Marking the coastline of Britain
British artist Paul Thompson has spent the past three years photographing navigation markers on the shores of Britain.
These markers are often overlooked by beachgoers and Thompson admits to walking past them hundreds of times without paying them any attention.
"I grew up on the North East coast and I have no memories of ever having seen them as a child," says Thompson. But once aware, he set out to record them, making each one central to the frame.
The pictures are taken at sunset, using a large format film camera, with exposure times ranging between one and eight seconds.
"In that time, I have little control over what happens," says Thompson. "The light at dusk is unpredictable. The tide is constantly in motion. The only thing that doesn't change is the marker itself."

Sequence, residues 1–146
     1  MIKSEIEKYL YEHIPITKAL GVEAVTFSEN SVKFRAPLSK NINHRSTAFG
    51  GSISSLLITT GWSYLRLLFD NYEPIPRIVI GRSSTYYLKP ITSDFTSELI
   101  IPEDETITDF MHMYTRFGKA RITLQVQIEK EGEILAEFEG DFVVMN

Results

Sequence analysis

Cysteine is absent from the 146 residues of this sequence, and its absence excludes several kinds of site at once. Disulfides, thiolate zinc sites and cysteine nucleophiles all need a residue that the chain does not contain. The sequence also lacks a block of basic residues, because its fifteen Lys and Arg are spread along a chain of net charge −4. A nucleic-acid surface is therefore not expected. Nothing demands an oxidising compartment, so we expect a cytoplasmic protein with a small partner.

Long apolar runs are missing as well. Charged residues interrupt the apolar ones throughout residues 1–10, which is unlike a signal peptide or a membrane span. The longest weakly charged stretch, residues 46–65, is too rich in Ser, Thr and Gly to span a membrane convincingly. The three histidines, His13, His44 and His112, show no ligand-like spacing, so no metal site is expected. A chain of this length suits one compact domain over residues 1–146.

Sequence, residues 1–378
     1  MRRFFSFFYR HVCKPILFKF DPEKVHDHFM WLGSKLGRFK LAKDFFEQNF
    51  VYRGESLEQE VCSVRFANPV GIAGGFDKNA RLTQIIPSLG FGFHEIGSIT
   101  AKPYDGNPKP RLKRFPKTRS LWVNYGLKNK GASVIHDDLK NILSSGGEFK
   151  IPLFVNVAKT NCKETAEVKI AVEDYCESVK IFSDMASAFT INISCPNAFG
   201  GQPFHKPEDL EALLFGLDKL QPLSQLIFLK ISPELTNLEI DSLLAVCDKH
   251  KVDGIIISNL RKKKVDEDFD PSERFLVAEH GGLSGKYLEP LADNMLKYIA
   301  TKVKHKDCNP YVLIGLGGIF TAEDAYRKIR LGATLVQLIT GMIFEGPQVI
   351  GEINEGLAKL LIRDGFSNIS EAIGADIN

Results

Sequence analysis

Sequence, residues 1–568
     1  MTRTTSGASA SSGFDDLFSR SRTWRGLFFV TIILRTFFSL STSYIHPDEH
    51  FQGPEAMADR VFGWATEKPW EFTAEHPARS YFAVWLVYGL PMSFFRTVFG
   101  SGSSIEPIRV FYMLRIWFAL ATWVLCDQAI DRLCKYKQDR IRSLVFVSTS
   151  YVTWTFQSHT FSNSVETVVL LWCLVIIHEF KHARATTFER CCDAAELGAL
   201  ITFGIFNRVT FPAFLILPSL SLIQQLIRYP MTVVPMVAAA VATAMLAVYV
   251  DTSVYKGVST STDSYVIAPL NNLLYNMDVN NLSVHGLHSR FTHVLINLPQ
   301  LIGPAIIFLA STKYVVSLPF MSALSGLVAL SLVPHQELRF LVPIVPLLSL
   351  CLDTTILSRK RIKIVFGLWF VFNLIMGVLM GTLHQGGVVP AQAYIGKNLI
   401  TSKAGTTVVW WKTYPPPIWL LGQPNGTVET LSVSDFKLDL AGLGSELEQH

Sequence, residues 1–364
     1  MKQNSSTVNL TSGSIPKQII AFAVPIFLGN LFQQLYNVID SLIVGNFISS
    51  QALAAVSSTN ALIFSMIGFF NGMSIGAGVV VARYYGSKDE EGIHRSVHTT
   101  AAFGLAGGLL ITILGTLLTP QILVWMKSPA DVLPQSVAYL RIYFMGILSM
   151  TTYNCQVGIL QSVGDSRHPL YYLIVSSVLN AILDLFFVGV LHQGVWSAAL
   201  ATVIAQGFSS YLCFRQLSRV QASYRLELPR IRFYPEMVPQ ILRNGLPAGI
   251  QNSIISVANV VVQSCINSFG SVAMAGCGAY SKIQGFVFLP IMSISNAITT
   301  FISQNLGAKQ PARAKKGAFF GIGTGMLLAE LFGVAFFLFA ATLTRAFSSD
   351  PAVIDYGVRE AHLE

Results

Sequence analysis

Thompson spent many days and weeks seeking out the markers, which warn approaching vessels of concealed rocks at the ends of jetties, helping them into harbour.
"The form and composition of the Navigate photographs mirror my own experience making them," says Thompson.
"When I wander the beach at golden hour, watching for last light, I am at peace with the rolling of the waves. Tomorrow, the tide might come and wash us all away but for now, at least, we rest."
All photographs by Paul Thompson, Courtesy Wren London.